In 1984, Notre Dame Law School (NDLS) published two issues of the International and Comparative Law Journal. Since then, a formal, student-run outlet for scholarly work in international law has not existed at NDLS—until now.
In 2010, the International Law Society (ILS) hosted its first annual symposium, which proved to be a great success and fueled support from the administration establishing the Notre Dame Journal of International, Comparative and Human Rights Law (JICH). This new journal is designed around a new approach that addresses concerns for quality, accessibility, and efficient use of resources. In 2011, ILS hosted its second annual symposium which achieved even greater success and contributed in large part to the first issue of JICH.
In response to the Durham Statement on Open Access to Legal Scholarship, this publication is available in a stable, open and digital format on the journal’s website, while offering readers the opportunity to purchase physical copies of the issue. This allows JICH to be economically efficient, environmentally sustainable, and immediately responsive to current events in the field of international law.
Journals are effective means for demonstrating the academic prowess of a law school and its students. It is in this capacity that JICH will serve NDLS as it continues to increase its focus on international law. JICH is unique amongst the journals at NDLS in that it actively seeks contributions from its many LL.M and J.S.D. students engaged in studying international human rights law. As the field of international law continues to evolve, JICH will provide timely and innovative commentary while preserving the invaluable tradition of law school journals that has inspired excellence among law students for generations.
Letter from the Founding Editors
For many law students, international law appears to be a terribly convoluted web of non-binding resolutions and spuriously enforced treaties. Like many other International Law Societies, we sought to dispel this confusion by hosting several speaking events and two successful symposiums with the hope that attendees would acquire an appreciation for the importance of international law. With the resounding success of these events, we felt driven to push even further by founding the Notre Dame Journal of International and Comparative Law (JICL).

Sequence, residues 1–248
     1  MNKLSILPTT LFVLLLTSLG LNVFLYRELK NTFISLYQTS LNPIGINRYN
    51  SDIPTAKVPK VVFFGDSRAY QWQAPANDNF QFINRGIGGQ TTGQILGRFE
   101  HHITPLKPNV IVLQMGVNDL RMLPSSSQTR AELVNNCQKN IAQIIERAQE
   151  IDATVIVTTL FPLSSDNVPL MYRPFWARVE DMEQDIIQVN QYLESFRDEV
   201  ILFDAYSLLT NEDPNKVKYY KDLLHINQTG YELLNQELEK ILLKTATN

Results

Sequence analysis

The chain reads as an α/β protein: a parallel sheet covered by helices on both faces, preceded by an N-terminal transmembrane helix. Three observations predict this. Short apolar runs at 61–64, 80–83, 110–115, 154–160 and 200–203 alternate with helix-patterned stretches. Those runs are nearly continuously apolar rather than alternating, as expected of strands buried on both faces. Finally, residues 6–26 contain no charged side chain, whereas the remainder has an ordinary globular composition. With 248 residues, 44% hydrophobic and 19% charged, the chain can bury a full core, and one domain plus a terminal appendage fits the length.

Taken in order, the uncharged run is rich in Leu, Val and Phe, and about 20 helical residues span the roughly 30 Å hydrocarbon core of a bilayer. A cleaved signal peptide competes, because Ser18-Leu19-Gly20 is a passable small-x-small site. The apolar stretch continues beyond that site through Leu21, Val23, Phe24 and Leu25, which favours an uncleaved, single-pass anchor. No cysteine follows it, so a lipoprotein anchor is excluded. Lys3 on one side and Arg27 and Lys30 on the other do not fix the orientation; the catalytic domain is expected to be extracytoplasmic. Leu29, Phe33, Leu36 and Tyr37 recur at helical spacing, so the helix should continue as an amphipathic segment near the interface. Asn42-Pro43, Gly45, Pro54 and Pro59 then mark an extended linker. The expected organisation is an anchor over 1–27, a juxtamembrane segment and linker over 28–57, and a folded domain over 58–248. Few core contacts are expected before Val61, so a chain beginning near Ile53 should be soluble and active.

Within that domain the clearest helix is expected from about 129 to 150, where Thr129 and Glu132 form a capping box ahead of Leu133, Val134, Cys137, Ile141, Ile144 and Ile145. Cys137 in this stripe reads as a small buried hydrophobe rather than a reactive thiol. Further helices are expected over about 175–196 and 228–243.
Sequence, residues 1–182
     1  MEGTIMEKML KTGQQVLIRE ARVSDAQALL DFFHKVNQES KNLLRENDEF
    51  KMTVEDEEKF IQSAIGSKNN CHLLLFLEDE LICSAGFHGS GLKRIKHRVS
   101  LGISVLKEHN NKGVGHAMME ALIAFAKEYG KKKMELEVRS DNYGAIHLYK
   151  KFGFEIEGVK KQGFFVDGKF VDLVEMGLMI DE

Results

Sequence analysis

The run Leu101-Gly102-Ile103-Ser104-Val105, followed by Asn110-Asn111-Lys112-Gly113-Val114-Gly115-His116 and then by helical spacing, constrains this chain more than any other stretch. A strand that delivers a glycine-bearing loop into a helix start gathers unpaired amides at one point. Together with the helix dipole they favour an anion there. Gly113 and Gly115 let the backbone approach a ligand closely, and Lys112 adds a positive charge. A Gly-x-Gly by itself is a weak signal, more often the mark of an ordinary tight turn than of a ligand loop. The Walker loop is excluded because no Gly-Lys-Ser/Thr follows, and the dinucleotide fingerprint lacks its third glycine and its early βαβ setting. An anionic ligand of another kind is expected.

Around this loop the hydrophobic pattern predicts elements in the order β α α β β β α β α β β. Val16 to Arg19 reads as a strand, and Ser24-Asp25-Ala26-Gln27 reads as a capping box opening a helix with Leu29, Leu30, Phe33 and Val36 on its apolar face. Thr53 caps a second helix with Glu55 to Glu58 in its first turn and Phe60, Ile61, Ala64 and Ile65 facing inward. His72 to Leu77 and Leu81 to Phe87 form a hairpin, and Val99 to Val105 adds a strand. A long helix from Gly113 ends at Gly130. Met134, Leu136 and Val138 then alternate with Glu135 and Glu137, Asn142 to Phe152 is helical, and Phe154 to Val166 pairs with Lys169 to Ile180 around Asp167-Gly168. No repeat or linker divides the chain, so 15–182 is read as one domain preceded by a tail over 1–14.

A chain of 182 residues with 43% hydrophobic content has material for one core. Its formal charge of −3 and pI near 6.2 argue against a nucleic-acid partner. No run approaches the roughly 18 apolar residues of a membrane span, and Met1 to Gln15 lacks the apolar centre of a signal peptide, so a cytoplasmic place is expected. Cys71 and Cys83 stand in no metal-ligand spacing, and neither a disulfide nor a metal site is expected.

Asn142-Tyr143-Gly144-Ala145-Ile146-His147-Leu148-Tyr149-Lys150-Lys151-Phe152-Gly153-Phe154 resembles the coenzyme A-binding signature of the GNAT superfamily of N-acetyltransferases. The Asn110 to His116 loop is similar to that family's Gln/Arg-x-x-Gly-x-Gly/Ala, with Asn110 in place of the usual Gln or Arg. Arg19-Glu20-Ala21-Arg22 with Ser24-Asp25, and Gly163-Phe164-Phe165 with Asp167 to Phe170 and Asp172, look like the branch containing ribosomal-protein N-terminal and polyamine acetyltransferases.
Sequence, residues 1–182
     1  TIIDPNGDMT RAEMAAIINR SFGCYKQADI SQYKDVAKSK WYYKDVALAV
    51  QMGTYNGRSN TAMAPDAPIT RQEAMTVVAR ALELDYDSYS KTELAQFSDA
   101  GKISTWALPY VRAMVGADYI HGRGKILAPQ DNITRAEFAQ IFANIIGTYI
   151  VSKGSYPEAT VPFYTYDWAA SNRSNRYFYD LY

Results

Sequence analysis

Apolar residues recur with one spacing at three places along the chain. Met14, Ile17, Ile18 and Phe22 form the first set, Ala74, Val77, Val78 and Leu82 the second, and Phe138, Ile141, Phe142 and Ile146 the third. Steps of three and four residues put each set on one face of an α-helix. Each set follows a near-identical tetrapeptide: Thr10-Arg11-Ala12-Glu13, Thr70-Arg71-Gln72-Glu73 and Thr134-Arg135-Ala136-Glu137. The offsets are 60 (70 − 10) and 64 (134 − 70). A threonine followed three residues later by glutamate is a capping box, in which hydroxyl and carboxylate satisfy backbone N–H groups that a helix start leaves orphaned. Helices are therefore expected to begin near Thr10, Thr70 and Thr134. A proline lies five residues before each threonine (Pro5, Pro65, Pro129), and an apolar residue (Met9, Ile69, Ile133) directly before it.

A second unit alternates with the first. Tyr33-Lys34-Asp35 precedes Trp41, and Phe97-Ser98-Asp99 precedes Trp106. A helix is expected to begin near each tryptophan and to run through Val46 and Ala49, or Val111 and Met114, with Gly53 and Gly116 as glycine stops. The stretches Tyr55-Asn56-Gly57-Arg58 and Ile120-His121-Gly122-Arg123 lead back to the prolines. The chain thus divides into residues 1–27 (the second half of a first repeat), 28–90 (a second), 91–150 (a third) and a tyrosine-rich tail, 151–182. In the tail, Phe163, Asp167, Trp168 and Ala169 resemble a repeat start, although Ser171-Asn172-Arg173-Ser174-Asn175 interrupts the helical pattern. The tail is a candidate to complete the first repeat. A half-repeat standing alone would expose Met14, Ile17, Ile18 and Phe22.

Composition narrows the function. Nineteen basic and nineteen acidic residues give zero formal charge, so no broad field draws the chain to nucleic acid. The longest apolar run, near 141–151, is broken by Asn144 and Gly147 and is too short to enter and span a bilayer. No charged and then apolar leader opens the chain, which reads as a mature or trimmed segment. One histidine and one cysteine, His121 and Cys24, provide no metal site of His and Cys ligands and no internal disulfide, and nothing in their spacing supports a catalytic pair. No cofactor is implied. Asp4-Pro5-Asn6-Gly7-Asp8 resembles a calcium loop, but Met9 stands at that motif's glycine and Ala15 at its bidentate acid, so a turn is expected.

With the establishment of this journal, NDLS joins the ranks of dozens of top law schools with international law journals and we hope this journal will contribute to the development and appreciation of international, comparative and human rights law. While it is certainly an honor to stand alongside the other prestigious journals at NDLS and the dozens of international journals worldwide, we designed JICL to be a leading example of a new form of legal scholarship.
In the spirit of global environmentalism and the modern trend toward free access to legal publications, we designed JICL as an online journal, which we hope will empower it to provide timely commentary on the increasingly dynamic field of international law. To ensure the quality of each publication, every submission to the journal must first gain approval from our committee of faculty advisors before being considered for publication by a committee of student editors. We believe this two-tiered selection process along with the online format will provide the global legal community with a valuable and accessible resource while avoiding unnecessary use of natural resources.
The Notre Dame International Law Society has drawn upon the expertise of our international law faculty as well as the strength of our exceptional international law programs to establish this unique journal. Starting a new journal at a relatively small law school with other established and prestigious publications has not been an easy or well-defined endeavor, and we expect the evolution of this project to be an organic process that will likely change course in the future. To that end, we welcome suggestions for improving our format in the hopes that the development of this project meets the needs of students and professionals committed to the development of international law education in American law schools.
Thank you for your time and interest in international law.
In Notre Dame,
Founding Editors in Chief